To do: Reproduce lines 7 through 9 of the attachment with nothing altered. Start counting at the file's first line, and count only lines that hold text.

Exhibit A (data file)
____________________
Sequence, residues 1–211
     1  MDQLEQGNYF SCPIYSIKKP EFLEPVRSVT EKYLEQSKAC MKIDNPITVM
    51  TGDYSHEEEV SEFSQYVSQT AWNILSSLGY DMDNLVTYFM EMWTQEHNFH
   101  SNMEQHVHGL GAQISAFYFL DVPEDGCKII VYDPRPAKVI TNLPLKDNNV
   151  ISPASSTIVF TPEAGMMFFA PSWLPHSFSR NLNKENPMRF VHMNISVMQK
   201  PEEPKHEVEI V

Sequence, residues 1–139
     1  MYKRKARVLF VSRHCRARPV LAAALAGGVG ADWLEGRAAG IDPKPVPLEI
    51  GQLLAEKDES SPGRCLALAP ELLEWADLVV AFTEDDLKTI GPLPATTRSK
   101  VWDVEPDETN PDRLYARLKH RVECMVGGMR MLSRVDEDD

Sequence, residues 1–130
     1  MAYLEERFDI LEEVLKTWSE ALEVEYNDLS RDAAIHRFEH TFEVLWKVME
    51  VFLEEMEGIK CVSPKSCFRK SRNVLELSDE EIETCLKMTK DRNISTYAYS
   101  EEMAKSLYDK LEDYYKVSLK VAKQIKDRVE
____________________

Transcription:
Sequence, residues 1–139
     1  MYKRKARVLF VSRHCRARPV LAAALAGGVG ADWLEGRAAG IDPKPVPLEI
    51  GQLLAEKDES SPGRCLALAP ELLEWADLVV AFTEDDLKTI GPLPATTRSK